Jose Colorado

Helping basketball players achieve their pro dreams.

The grim reality for imports post COVID-19 and how to combat it

Changes are on the way - but to what degree, remains to be seen.

With many international leagues aiming to restart in the coming months, logistical adjustments will undoubtedly come out on the other end.

Fan attendance, social distancing during travel (i.e. bus rides), length of schedule and pay reductions are the most obvious alterations.

But there could be an even more sobering reality on the horizon - an international market without imports.

Indeed, this is the case in New Zealand as its domestic league recently announced its creative plan to move forward with only local players.

While certainly not all international conferences will follow suit, there is a growing sentiment in many regions that this could become more commonplace than one would think for the rest of the year and possibly the first quarter of 2021 (depending on the advancements in addressing COVID-19).

New equation of competition

With imports already facing fierce competition in the global market, these latest developments could spell difficultly for many players.

Just consider the math.

If we estimate there are 200 FIBA-sanctioned leagues in the world (roughly what the current number is at) with 10 teams per conference and 12 spots available per squad, then that means in the entire world there are 24,000 player positions up for grabs.

However we must then account for the import - national ratio imposed by every league.

If we say there are three foreigners - a fairly consistent allowance in many parts of the globe - then that number is reduced even further.

In reality then there are roughly only 6,000 import spots available in the world.

And all this is prior to the highly likely reduction in foreigner slots that awaits.

While I’ve certainly seen some players thrive jumping from country to country solely as an import, these athletes seem to be in the minority.

More often than not, the vast majority are on the outside looking in, waiting for their ‘opportunity’ in the pros and unfortunately having to accept whatever offer comes their way.

And since clubs are very aware of the grossly over saturated and overqualified import market that exists today - especially within the world’s unequivocal powerhouse, the United States, managers are keen to switch out foreigners at the first moment’s notice.

All of this highlights the need for players to take initiative on multiple fronts as FIBA leagues slowly make its way back onto the hardwood.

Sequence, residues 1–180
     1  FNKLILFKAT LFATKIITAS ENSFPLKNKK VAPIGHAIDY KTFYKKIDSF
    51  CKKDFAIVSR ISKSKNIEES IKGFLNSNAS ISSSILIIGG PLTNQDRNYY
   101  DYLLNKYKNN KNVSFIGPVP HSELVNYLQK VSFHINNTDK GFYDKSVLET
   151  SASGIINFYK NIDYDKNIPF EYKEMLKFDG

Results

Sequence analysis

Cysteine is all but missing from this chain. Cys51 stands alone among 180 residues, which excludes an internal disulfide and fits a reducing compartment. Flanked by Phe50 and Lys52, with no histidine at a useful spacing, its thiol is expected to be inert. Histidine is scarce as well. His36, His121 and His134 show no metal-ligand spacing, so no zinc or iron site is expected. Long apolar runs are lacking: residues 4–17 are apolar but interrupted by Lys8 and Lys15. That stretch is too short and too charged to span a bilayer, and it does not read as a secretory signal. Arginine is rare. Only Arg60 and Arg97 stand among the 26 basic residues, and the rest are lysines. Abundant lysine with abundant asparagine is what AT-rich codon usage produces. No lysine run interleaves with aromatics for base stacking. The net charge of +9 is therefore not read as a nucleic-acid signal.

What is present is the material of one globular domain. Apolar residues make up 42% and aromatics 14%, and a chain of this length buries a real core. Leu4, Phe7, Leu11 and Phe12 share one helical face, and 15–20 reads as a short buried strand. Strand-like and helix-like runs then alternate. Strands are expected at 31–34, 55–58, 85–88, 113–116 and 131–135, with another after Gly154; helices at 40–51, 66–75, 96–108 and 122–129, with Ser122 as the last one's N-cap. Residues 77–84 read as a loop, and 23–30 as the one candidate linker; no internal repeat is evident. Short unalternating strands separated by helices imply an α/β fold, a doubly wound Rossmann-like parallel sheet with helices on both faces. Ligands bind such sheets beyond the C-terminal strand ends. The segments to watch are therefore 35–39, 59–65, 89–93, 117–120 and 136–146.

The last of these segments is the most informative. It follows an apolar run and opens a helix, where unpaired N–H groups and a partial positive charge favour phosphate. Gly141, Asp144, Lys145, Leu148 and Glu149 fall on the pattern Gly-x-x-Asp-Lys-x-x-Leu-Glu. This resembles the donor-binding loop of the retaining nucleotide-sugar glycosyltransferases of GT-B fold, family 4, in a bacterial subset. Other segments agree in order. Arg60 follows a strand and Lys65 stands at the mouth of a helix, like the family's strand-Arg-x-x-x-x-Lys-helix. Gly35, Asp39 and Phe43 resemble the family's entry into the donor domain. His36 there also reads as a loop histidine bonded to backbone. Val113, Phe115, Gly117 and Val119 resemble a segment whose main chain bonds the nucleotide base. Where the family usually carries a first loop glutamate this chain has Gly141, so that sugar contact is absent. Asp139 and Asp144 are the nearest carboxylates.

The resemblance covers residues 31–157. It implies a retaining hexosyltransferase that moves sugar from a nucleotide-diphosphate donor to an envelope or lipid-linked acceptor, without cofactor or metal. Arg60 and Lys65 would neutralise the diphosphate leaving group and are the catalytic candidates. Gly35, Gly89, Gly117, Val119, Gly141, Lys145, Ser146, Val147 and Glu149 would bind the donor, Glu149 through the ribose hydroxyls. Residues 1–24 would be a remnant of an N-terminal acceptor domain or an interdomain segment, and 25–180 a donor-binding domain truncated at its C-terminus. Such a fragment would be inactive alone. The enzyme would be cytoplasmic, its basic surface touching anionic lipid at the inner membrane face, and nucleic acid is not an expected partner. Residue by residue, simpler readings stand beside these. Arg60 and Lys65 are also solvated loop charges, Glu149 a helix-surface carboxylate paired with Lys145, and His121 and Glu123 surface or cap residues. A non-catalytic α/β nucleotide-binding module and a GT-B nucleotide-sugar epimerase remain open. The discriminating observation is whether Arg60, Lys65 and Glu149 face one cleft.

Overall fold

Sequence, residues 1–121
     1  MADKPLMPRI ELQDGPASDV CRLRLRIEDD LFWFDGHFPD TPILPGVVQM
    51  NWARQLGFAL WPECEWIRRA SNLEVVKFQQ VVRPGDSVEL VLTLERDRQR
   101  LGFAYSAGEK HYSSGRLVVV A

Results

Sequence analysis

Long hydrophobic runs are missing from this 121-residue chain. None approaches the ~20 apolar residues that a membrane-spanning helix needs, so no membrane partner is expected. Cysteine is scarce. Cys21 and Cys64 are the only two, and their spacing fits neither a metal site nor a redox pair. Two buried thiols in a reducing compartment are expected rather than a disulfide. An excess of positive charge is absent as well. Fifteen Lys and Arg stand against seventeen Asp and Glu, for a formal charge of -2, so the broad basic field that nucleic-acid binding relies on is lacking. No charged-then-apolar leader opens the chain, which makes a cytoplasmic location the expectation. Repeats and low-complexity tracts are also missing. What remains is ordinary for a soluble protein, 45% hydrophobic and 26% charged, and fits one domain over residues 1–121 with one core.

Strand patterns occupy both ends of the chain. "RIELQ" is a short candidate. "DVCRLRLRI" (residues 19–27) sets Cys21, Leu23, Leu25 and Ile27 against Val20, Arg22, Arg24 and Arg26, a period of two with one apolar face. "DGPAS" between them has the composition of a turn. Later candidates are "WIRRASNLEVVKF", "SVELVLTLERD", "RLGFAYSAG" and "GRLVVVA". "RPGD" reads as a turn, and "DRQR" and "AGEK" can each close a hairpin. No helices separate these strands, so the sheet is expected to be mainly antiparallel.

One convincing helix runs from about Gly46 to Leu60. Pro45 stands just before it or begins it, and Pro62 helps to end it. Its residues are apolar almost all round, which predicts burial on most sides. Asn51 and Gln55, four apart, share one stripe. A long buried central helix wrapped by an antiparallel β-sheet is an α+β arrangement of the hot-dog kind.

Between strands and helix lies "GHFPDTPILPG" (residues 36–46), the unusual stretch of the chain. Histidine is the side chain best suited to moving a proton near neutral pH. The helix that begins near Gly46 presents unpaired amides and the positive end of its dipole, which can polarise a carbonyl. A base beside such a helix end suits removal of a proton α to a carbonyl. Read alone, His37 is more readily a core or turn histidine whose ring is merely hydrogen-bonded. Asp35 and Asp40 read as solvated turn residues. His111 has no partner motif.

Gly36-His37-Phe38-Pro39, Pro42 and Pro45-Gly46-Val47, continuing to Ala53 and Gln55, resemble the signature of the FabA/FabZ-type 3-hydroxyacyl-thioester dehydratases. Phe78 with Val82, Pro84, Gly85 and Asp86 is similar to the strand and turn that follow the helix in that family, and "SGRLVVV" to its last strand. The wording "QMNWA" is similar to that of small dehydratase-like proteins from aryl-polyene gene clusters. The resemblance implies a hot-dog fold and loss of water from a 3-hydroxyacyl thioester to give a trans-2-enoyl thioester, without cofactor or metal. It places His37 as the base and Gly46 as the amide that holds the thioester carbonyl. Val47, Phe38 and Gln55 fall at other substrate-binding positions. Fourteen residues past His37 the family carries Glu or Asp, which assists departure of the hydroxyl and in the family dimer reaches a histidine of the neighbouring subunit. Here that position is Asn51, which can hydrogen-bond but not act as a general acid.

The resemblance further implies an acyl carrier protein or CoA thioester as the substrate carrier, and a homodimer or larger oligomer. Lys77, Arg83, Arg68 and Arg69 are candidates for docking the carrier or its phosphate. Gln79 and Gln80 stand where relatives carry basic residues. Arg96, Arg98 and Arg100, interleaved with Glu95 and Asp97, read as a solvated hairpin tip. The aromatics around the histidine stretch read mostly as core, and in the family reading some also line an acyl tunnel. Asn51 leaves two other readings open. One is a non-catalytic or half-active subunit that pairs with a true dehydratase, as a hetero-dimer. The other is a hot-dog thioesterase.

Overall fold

The Five-Step Plan

  1. Contact teams, managers, coaches and agents and try to gather as much information as possible regarding the COVID-19 import allowance in various countries

  2. Research International Pro Academies (EuroProBasket is one of the most respected) and see if you would be willing to make the commitment to jump-start your career

  3. Don’t assume you will find a job this year. Secure another income stream immediately so you aren’t compromised should you have to wait.

  4. If you are eligible or believe you are eligible for a second passport/citizenship, begin the process of gathering the documents and inquiring at your local embassy. This can greatly improve your chances of landing a contract as discussed in last week’s blog.

  5. Stay ready. If you don’t receive an offer in the coming months. Don’t be discouraged, just continue on your training plan while practicing the above four steps.

Even if you are lucky enough to receive a contract there is certainly no guarantee you will remain for the entire duration of the season.

In my five years of overseas basketball I’ve seen more than a dozen imports cut after a single game.

Recently I was on a club and our foreigner didn’t make it past our two-week training camp.

We hadn’t even suited up yet and the board of directors had already seen enough.

With finances being squeezed tight through the pandemic it will be interesting to see the domino effect that takes place, meaning will higher-level imports be bumped down to lower-levels because of the reduced import slots?

As well, will team managers be as eager to send players home for under performing given the current economic situation? Or could this actually give the imports more “leash” in theory?

Nonetheless, these are all concerns that are out of a player’s control.

Be conscious of the situation but don’t be paralyzed by it.

Even should nothing come to fruition by the end of 2020, by practicing these steps one’s basketball career will greatly benefit in the long-term regardless.